In Thucydides’ commentary on the plague of Athens, he also states that,” the catastrophe was so overwhelming that men, not knowing what would happen next to them, became indifferent to every rule of religion or of law,”(155). Thucydides is stating that war is not the only thing that can bring humanity to levels which previously would have horrified and disgusted them. He is stating that any level of desperation, catastrophe, or lack of wealth would lead to the utter disregard of both the state and the church. As previously
stated, every man and woman’s first loyalty is to themselves, and neither the government nor the clergy will shake this. When man is pushed to the brink of desperation, and has a high possibility for death, it will cease to think of what others have set for them to do, and will take matters into its own hands. It will disregard the laws placed by others, as they do not know what is best for the individual in despair, or at least that’s what the desperate think. Any catastrophe will cause man’s human nature to question the current authority, and will cause them to attempt to go alone and make their own decisions. In times of peace and tranquility, it is acceptable to follow another person’s orders, as it will most likely not affect an individuals life in such a way that they cannot continue in a healthy and prosperous lifestyle. In times of war and strife, however, any wrong decision could be harmful, and relying on others is unthinkable.
Thucydides also states that during the plague, “people now began openly to venture on acts of self-indulgence which before then they used to keep in the dark,”(155). People in Athens during the plague began to be indifferent to the thoughts and cares of others. Their actions were dictated by human nature, and because human nature is primarily based on self preservation, as well as improving one’s standard of living and increasing their happiness, they only thought of what could make their own life happier and better. Because of this, people attempted to gain more of what made them happy, and what they desired, so they disregarded what others thought because in several days they or the other individual could be dead. The nature they were living by dictated that they should attempt to make themselves happy, whatever the cost, so the thoughts of others was irrelevant, only acquiring what they sought and used to increase their own pleasure was important.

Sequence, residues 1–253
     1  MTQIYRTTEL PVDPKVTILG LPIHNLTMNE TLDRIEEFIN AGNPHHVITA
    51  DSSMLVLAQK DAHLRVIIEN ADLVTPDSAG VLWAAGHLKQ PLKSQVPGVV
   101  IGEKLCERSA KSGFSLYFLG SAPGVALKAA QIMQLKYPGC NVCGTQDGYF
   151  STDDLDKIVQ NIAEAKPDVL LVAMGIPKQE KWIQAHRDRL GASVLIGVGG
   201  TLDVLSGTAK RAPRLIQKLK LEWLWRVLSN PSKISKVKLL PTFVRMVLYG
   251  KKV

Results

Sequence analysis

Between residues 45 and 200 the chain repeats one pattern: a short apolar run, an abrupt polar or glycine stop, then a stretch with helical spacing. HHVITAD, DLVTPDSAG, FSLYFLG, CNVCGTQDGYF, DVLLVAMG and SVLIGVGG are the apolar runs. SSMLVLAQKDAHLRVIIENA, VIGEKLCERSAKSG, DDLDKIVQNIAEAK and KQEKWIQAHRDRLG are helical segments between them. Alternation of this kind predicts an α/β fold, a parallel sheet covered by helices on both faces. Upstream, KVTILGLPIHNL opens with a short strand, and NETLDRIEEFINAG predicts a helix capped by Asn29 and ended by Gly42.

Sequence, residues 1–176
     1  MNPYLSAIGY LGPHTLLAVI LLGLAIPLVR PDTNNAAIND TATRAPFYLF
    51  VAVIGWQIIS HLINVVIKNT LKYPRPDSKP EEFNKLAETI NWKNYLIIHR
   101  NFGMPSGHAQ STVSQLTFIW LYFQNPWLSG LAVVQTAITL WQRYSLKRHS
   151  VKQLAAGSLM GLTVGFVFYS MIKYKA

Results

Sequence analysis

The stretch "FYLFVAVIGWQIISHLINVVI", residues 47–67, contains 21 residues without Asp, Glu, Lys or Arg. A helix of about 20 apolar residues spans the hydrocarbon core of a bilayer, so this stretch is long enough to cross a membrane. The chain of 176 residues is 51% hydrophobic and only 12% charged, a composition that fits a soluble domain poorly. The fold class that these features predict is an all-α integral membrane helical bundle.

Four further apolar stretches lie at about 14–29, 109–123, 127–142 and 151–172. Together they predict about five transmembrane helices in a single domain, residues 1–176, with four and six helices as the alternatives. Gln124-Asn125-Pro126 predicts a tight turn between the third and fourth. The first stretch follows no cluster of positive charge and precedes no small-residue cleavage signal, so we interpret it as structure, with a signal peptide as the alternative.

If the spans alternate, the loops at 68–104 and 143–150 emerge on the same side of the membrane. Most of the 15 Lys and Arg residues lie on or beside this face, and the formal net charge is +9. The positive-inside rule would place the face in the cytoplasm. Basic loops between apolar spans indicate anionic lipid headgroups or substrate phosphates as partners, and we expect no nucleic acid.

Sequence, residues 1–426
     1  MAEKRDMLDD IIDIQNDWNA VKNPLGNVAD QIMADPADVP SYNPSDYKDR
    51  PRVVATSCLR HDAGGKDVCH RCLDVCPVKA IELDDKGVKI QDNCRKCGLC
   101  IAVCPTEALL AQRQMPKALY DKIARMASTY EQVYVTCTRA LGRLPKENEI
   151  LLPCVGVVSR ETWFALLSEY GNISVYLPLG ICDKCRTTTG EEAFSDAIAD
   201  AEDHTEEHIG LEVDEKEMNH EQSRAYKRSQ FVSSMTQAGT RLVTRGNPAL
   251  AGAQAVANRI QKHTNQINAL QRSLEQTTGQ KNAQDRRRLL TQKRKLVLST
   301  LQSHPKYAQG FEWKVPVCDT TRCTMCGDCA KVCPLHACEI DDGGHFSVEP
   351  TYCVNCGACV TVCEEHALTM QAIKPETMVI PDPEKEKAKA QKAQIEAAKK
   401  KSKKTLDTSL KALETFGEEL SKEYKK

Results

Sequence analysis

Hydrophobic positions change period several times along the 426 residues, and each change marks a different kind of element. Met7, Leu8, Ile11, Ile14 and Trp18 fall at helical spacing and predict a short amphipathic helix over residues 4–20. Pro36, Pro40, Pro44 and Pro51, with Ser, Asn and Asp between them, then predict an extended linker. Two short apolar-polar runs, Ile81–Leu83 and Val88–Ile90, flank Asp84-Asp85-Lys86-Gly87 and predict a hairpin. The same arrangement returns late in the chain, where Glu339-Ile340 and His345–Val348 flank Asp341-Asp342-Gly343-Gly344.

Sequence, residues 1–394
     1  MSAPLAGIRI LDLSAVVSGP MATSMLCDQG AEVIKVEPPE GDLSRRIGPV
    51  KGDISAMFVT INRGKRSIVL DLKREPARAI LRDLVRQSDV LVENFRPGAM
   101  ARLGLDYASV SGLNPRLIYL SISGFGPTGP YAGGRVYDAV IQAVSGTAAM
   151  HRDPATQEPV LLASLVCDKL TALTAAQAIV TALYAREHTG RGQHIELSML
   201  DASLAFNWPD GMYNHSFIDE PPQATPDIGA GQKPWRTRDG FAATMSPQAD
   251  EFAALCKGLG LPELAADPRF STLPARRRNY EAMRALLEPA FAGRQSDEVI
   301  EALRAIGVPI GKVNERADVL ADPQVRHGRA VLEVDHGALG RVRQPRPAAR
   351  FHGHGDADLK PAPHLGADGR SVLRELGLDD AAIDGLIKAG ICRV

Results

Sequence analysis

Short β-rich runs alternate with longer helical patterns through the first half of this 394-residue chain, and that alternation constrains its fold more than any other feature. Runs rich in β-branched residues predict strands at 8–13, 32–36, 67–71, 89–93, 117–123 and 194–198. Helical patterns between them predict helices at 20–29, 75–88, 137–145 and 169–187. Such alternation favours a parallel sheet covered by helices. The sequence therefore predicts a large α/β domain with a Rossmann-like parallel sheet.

During the plague, Thucydides states that,”As for what is called honor, no one showed himself willing to abide by its laws, so doubtful was it whether one would survive to enjoy the name for it,”(155). The codes and laws which people used to hold in high regard were quite unimportant to everyone when they were lowered to their true level, and their nature showed just how desperate their situation had become. When honor dictated helping the sick when one was themselves healthy, and when this usually meant death, then one’s desire for self preservation advised strongly against it. Those who were able to overcome the difficult task of defying one’s own nature quickly died to the plague, setting an example which deterred others from performing the same task. People chose to ensure their own happiness in the present than possibly bask in the glory of being noble and righteous decades down the line. Thucydides is showing how human nature dictates one will always attempt to make life better now in any means possible, brutal or otherwise, rather than attempt to justify one’s own actions and ensure that others will remember their legacy in a good way.

Thucydides also described the situation at Athens by stating that “it seemed to be the same thing whether one worshipped [the gods] or not, when one saw the good and the bad dying indiscriminately,”(155). As previously stated, human nature’s first loyalty is to itself, and to the preservation of an individual’s well being. While it may be argued that if the gods could truly bless and keep an individual safe, it would be in that individual’s own self interest to pray and appease the gods, one must also remember that the plague was relentless, and was indifferent to the righteous and the unholy. Because of this, another example was set which showed the already desperate population that not even the gods could help them, and that the only person which would look out for them was themselves. This caused human nature to sink into each individual even more, so that each man and woman would only care about themselves and their own needs.